M° Temple, Arts et Métiers, Rambuteau or République
In the 1990s, the Temple Quarter used to be considered a bit of a “dead” area, with nothing more than wholesale shops and ateliers for the leather and jewelry industries. But the neighborhood is experiencing a bit of a renaissance as art galleries, trendy tearooms and restaurants take over old workshops in the quiet streets off the Rue de Bretagne. Some Parisians even insist on calling it NoMa, for North Marais.
But where is the Temple? The quarter actually gets its name from the Knights of Templar, a religious and military order who once owned almost all the land around the Marais. Many artisans and craftsmen took refuge within the Templar’s walls, where the monarchy had no jurisdiction to collect taxes. Their impressive wealth and property eventually aroused the resentment of King Philip IV, who decided to get rid of this “state within a state”. The Knights of Templar were imprisoned in 1307, and their lands confiscated by the Crown. In 1314 they were burned at the stake on the tip of the Ile-de-la-Cité.
Begin at the corner of Rue de Turenne and Rue de Bretagne. You may notice a colorful building at the end of Rue des Filles du Calvaire at the top of the intersection. That’s the Cirque d’Hiver, an early 19th-century circus still in use today by different visiting circus acts. Continue along the Rue de Bretagne, crossing the Rue Charlot, a street full of many new cafés and shops. Have a stroll through the renovated Marché des Enfants Rouge (entrances on 33bis Rue Charlot or 39 Rue de Bretagne, 3rd M° Filles du Calvaire). Built in 1612 (making it the oldest covered market in Paris), it reopened in 2000 after many years of neglect, narrowly escaping transformation into a parking garage. Today there are 15 market stands and a wine bar, with the typical fish, bread, fruit and veggie sellers (open Tuesday-Thursday 8:30am-1pm and 4pm-7:30pm, Friday-Saturday 8:30am-1pm and 4pm-8pm, and Sunday 8:30am-2pm).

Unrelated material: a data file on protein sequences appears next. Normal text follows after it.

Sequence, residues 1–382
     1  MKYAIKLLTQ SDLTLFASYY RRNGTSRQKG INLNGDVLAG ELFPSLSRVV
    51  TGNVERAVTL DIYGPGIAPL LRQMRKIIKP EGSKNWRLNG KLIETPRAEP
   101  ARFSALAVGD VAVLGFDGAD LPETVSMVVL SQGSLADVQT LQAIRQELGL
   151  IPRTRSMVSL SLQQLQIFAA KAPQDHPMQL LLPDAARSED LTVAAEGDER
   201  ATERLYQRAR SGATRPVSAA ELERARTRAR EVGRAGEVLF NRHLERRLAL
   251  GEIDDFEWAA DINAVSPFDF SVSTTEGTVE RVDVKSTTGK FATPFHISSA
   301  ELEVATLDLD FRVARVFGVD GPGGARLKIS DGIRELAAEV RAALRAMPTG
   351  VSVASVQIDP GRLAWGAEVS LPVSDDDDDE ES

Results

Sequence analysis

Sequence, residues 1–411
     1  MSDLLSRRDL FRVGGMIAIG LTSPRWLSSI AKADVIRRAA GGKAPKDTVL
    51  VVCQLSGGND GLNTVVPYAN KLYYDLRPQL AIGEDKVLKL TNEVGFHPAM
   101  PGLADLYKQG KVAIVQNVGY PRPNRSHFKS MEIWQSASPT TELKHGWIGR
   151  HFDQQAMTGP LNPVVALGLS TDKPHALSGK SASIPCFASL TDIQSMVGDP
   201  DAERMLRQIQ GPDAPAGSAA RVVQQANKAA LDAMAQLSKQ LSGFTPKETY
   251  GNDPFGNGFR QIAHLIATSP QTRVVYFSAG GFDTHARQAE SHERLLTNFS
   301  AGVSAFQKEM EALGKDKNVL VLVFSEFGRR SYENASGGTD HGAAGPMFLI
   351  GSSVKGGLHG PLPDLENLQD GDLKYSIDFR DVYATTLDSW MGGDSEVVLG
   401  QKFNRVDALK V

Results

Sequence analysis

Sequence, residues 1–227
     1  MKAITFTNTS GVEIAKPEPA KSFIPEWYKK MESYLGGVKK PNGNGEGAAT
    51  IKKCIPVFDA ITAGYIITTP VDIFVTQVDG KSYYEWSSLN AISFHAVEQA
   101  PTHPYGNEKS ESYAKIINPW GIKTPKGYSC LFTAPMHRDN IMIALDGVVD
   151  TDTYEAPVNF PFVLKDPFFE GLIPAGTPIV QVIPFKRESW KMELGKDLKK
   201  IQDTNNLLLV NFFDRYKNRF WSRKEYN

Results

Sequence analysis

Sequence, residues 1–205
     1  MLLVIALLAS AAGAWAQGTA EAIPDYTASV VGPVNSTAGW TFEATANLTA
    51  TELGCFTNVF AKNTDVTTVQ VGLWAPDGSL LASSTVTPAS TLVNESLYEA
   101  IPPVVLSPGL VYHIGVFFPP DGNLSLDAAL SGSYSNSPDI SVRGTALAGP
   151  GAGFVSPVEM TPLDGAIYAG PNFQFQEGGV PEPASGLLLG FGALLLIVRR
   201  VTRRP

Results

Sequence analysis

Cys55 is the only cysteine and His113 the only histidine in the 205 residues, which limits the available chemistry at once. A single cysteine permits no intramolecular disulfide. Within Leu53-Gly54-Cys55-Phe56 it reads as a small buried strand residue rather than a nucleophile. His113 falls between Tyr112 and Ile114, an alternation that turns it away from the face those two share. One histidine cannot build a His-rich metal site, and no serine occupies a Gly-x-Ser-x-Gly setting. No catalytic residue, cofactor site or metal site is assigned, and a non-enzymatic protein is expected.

Continue along Rue de Bretagne to the Haussmann-era Square du Temple, flanked by the majestic Mairie du 3ème (the neighborhood’s Town Hall) and the Hôtel de la Garantie (Assay Office for precious metals). The English-style gardens feature a small duck pond and 19th-century pavilion used for summer concerts. Members of the local Chinese community gather here in the morning to practice tai-chi on the lawn. Follow the Rue Perrée past the Mairie to the Carreau du Temple, a covered market of glass and steel built in 1857. Over the past few years it’s been mostly empty save for a few uninteresting clothing stands, but the town hall is planning on converting the old market into a neighborhood arts and cultural centre…stay tuned.
The Templar Tower
The Carreau du Temple was built on the location of the former Templar Tower, where the royal family was imprisoned during the French Revolution before being sentenced to death. Louis XVI was immediately guillotined, and Queen Marie-Antoinette was transferred to the Conciergerie before it was her turn, leaving the dauphin alone in the Tower before he eventually died. Recent DNA tests from the preserved heart of the heir and hair from Marie Antoinette finally put an end to rampant speculation that the real dauphin actually escaped. Napoléon had the Tower razed in 1808 to prevent royalist pilgrimages, but a wall plaque on the corner of Rue du Petit Thouars and Rue Eugène Spuller shows exactly where it once stood.
Heading into the Arts-et-Métiers Quarter, take a detour to the Rue au Mairie, a narrow street dating back to 1280. Today it’s home to one of the city’s thriving Wenzhou Chinese communities, with colorful boutiques, authentic restaurants, and exotic food shops. This community, which now extends up to Belleville district, arrived from mainland China as recruited laborers during WWI. They’re unrelated to the Teochew Chinese in the 13th (different dialect, foods and customs), who first came to Paris from Vietnam in the 1970s.
Continue up Rue Volta (the second oldest house in Paris is at #3) to the Musée des Arts et Métiers (60 Rue Réamur), a museum illustrating humankind’s progress in science and technology. Kids will love the full-size flying machine models, and even those not interested in “how things work” will appreciate the beautifully-restored 18th-century architecture featuring vaulted, carved-wood ceilings. The whole place has a magical, Jules Verne atmosphere. Don’t miss the richly-painted interior of the 12th-century Eglise St-Martin-des-Champs, where Foucault’s pendulum and Bartholdi’s Statue of Liberty models are displayed. There is, regrettably, little translated into English (a guidebook can be purchased at the front desk).
Take the submarine! The Arts-et-Métiers Metro station (on the platform for line 11) is decorated with copper walls and portholes to resemble the inside of a submarine.